Where Love Lives: Scripture, difficult conversations, and diversity

November 12, 2020

Editor's Note:  On October 7th Bishops of the Western Jurisdiction launched an engagement campaign designed to celebrate the radical inclusion and the diversity of people engaged in mission throughout the conferences of the WJ. Each conference within the Western Jurisdiction will develop content for different months throughout the campaign. In November, California-Pacific Conference reminds us that scripture is primary to our Wesleyan heritage.  This reflection from the Rev. Denyse Barnes of California-Pacific Conference lifts up scripture as a cornerstone resource for our everyday lives. California-Nevada will be working to develop content for the months of February and June, 2021.

“There is neither Jew nor Greek, there is neither slave nor free, nor is there male and female, for you are all one in Christ Jesus.” [Galatians 3:28, CEB]

One of the favorite classes I teach during confirmation is the Wesley Quadrilateral. I use a wind chime as a metaphor and everyone in the class makes one to take home. The three chimes hanging down stand for tradition, reason, and experience, while the clapper stands for scripture. None of the chimes can ring without first being struck by the clapper, demonstrating how scripture is the foundation of all we do, informs every decision we make, and how we walk through life as Christians and members of The United Methodist Church.

For John Wesley, scripture was the first authority and he felt, contains the only measure by which all other truth is examined and tested. Here in the California-Pacific Conference, and the Western Jurisdiction of which we are a part, we live out these beliefs of our founder.

As the theological guidelines in the Book of Discipline state, “While we acknowledge the primacy of Scripture in theological reflection, our attempts to grasp its meaning always involve tradition, experience, and reason. Like Scripture, these may become creative vehicles of the Holy Spirit as they function within the Church. They quicken our faith, open our eyes to the wonder of God’s love, and clarify our understanding.”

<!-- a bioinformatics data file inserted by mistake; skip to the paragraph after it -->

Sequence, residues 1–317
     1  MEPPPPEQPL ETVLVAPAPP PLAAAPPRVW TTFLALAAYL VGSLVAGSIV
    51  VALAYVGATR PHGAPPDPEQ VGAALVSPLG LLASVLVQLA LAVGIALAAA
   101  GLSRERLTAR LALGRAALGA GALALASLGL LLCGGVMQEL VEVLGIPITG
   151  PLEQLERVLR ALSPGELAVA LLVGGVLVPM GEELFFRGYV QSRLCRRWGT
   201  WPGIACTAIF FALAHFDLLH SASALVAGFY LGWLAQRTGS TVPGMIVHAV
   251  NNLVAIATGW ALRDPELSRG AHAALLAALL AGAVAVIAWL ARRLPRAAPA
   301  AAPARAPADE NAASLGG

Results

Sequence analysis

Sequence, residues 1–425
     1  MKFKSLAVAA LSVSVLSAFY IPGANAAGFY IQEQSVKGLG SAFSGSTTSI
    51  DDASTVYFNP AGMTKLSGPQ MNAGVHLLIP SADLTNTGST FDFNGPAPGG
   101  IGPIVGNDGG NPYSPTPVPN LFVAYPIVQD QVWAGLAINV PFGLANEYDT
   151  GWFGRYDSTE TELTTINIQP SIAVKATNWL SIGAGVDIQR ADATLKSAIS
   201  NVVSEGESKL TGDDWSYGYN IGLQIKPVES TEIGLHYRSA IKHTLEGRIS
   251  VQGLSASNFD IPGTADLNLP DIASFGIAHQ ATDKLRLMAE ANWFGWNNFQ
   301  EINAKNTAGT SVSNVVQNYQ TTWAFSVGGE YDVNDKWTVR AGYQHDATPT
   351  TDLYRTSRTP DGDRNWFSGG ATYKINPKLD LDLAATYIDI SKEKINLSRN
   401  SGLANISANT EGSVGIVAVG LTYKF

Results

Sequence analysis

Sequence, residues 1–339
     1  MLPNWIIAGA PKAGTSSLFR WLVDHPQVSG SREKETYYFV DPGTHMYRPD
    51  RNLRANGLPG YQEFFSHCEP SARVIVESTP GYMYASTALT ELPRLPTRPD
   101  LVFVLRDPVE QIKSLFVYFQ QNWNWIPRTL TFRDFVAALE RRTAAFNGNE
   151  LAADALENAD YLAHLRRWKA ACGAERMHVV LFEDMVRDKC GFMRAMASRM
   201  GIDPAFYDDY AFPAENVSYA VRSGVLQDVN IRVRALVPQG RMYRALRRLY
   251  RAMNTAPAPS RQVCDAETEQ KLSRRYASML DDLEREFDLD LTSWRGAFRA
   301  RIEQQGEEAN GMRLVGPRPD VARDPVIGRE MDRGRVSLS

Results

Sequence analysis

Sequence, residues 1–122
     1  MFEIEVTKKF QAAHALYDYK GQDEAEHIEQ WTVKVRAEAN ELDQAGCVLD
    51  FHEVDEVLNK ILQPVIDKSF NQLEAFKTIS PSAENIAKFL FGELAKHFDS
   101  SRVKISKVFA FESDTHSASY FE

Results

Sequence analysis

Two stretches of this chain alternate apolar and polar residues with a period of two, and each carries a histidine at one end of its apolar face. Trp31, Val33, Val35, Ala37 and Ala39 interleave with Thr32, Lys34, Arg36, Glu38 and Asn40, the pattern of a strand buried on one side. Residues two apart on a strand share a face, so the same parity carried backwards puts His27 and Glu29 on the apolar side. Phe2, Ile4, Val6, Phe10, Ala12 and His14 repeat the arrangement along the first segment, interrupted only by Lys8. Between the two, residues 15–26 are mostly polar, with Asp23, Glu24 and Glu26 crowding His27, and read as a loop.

It is through these beliefs that we are able to affirm all people as beloved children of God, “fearfully and wonderfully made,” [Psalm. 139:14, NRSV] which means that we live out these values by welcoming all through our doors, and to our tables. We believe that there is none for whom the message of the Gospel does not apply.

Just as Jesus taught and modeled, we strive to “…welcome each other, in the same way that Christ also welcomed you, for God’s glory” [Romans 15:7, CSB.] We do not always get it right, we are a work in progress, yet we are dedicated and committed to ensuring that each of our churches is a place Where Love Lives.

My work as our Cal-Pac LGBTQIA+ Advocacy Coordinator has taken on many different forms over the last eighteen months, from group sessions on “working with LGBTQ youth,” to assisting churches as they explore the reconciling process. Last year, we held over sixty listening posts across the conference where attendees from local churches had an opportunity to have their voices heard and to express where they saw the major problems within the UMC, and to offer ways of starting to work at resolutions to those issues. None of this work can be completed without standing it firmly on scripture and using it to guide and shape us as we work.

This year I am working on providing training on “Difficult conversations,” and “Diversity,” as we navigate the places where we differ and strive to learn how to live together in full relationship. Our guiding scripture for this year and these projects is “Put aside all bitterness, losing your temper, anger, shouting, and slander, along with every other evil. Be kind, compassionate, and forgiving to each other, in the same way God forgave you in Christ.” [Ephesians 4:31-32, CEB]

When we follow Wesley’s lead, using scripture as the foundation of all we do, together we can produce amazing results and create places where we truly live out the greatest commandment:

“You must love the Lord your God with all your heart, with all your being, and with all your mind. This is the first and greatest commandment. And the second is like it: You must love your neighbor as you love yourself. All the Law and the Prophets depend on these two commands. [Matt 22:37-40, CSB]”